Monarch Watch Blog

Monarch Caterpillar Dorsal Aorta (video)

29 March 2011 | Author: Chip Taylor

serendipity [ser-uhn-dip-i-tee] -noun.
1. an aptitude for making unexpected and fortunate discoveries

Occasionally, there is a little serendipity in the lab. One Friday, a few weeks ago, I noticed an unusual larva, a fourth instar of a “black” larval mutation we are studying. This particular larva was lighter than most and we could see the blood coursing through the dorsal aorta. I said “Let’s get a camera, this is neat!”

In the course of doing the filming, and not doing it well, I kept getting advice from one of our critter crew members Alicia Bigelow, and I soon realized (another bit of serendipity) that Alicia needed to be in charge of the production of video projects that I’ve always wanted to post to Monarch Watch’s YouTube channel. So, here is the first production: the Monarch Caterpillar Dorsal Aorta. In the voice-over I describe the general pattern of blood circulation in insects and arthropods. Chip Taylor | Director, Monarch Watch

Filed under Monarch Biology | 13 Comments »

Book Review: “Fly, Fly Butterfly”

24 January 2011 | Author: Chip Taylor

Fly, Fly Butterfly book cover

“Fly, Fly Butterfly” by Diego H. Pedreros Velásquez

Interest in monarch butterflies has grown over the last 15 years. Websites featuring monarchs are now common. Monarchs are the subject of numerous blog postings and periodically the topic of newspaper and magazine articles as well. This interest has also produced an abundance of books about monarchs directed toward parents who might buy them for their children. The quality of these books varies greatly. Some have great artwork and not much of a story, others have a good premise but poor execution and still others are filled with errors – the most common of which is to refer to a chrysalis as a cocoon.

The intent of authors is usually to tell the story of the monarch to inspire a sense of wonder; rarely do authors connect the story to larger issues such as our stewardship of the planet. Most of these stories don’t touch me. I’m jaded, having worked with literally tens of thousands of monarchs and having lent my heavy hand to telling this story myself. So, my emotional reaction to a new book, “Fly, Fly Butterfly” by Diego H. Pedreros Velásquez was a surprise to me.

Mr. Pedreros has written an account of his family’s – and particularly his daughter AmaRa’s – discovery of monarchs and their annual cycle through visits to the Ellwood Main monarch sanctuary in Goleta, California. The family’s increasing awareness of monarchs and the environment that supports them is driven by AmaRa’s curiosity, with the help of an equally curious and devoted father.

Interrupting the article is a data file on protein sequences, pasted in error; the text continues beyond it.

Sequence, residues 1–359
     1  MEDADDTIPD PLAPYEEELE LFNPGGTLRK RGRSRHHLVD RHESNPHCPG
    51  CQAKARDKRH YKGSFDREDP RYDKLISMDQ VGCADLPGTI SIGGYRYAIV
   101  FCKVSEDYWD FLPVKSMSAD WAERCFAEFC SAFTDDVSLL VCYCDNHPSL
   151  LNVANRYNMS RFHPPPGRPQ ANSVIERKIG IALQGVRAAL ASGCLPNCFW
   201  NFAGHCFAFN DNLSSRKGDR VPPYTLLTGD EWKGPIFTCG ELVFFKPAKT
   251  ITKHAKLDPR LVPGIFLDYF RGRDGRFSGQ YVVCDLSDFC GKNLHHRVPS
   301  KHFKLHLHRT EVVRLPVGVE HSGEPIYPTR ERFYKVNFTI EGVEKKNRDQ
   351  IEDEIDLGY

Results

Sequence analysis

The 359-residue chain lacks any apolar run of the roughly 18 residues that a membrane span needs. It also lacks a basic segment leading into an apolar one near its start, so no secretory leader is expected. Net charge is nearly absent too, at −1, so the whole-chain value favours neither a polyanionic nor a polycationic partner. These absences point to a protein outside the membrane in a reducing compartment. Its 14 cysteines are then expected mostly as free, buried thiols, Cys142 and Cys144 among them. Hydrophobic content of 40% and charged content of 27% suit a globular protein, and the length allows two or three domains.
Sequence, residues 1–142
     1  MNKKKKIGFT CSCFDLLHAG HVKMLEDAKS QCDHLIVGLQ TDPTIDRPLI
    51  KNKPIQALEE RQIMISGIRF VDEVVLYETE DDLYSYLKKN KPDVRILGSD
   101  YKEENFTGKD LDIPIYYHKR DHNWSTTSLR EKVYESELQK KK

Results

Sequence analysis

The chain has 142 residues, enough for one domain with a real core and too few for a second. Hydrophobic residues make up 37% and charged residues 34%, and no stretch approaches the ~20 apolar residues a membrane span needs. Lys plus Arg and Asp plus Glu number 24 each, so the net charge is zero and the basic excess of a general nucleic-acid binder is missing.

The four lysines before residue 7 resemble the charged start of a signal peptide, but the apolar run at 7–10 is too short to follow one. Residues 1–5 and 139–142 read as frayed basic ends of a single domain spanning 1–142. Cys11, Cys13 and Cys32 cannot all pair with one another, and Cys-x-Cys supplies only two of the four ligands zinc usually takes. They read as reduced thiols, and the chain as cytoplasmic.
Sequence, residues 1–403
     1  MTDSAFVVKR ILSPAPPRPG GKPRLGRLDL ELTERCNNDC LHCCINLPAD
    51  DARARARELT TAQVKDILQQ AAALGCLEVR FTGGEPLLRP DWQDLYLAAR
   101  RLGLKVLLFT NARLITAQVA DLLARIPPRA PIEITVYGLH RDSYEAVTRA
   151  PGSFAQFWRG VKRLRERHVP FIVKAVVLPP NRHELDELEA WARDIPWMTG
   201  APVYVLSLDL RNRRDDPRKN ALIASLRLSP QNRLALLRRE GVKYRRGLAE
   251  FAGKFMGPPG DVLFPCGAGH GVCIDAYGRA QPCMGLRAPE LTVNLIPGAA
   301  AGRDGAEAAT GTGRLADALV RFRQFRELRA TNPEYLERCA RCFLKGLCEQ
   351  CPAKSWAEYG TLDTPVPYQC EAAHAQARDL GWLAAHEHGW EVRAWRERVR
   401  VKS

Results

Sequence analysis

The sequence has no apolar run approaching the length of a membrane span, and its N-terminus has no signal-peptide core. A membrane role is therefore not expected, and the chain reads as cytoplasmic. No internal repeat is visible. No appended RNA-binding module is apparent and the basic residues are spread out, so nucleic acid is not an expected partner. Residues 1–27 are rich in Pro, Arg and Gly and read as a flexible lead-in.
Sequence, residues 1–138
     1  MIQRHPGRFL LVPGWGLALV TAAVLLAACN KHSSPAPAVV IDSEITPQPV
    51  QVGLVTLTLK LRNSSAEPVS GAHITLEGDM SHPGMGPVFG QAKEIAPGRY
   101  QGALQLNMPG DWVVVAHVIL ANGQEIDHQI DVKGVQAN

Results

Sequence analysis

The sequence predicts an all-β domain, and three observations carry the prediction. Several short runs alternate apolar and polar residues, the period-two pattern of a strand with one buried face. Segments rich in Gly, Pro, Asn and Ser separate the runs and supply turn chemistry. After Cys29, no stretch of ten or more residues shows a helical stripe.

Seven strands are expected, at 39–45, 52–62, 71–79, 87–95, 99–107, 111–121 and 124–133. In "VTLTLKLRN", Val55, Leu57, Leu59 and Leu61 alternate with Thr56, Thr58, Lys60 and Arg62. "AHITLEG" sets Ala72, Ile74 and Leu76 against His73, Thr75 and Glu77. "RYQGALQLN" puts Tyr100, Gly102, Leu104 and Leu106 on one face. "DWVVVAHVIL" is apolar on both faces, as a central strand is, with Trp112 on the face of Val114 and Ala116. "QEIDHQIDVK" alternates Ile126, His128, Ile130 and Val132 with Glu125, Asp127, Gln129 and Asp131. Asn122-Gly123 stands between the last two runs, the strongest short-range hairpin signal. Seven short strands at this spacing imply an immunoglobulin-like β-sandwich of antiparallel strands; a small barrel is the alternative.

The author uses the monarch as a metaphor for how we should face life and connects the fate of monarchs to how humans affect the planet. Excellent photographs by the author of monarchs and wildlife around Goleta are tastefully presented on more than half the book’s pages. The design, layout and artwork in the book capture the sense of wonder and adventure of learning about new things through the eyes of both the child and her father. It’s clear that this book was a labor of love that involved a large and talented team. Perhaps the book’s most unique feature is that it is bilingual, with all the text printed in both English and Spanish, with other languages soon to follow. The writing is clear and direct and it is easy to read and understand the text in both languages. In this age, as we watch our population become increasingly disconnected from the environment that supports them and when it is so hard to get children outside, it is refreshing to have this example of a child connecting spontaneously to the wonders of the natural world.

The book may be purchased with a donation component, whereby 40% of the $20 purchase price may be designated to go to Monarch Watch or another approved organization. For more information on “Fly, Fly Monarch” please visit www.forlymonarch.com

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Mead’s Milkweed and Monarchs

20 January 2011 | Author: Chip Taylor

From time to time the question arises as to whether monarchs can and do use all species of milkweeds in the genus Asclepias or whether there are some that are too toxic or have so much latex that larvae are unable to feed properly and die. There could even be some species that lack the chemistry that allows the larvae to even start feeding. Stated another way, it seems possible that some milkweeds might have become as unpalatable to monarchs as they have to other herbivores. It would be valuable to know the answer to this question but we will have to gather more data on what species females chose to lay eggs upon and whether larvae successfully feed and reach the adult stage on a number of species.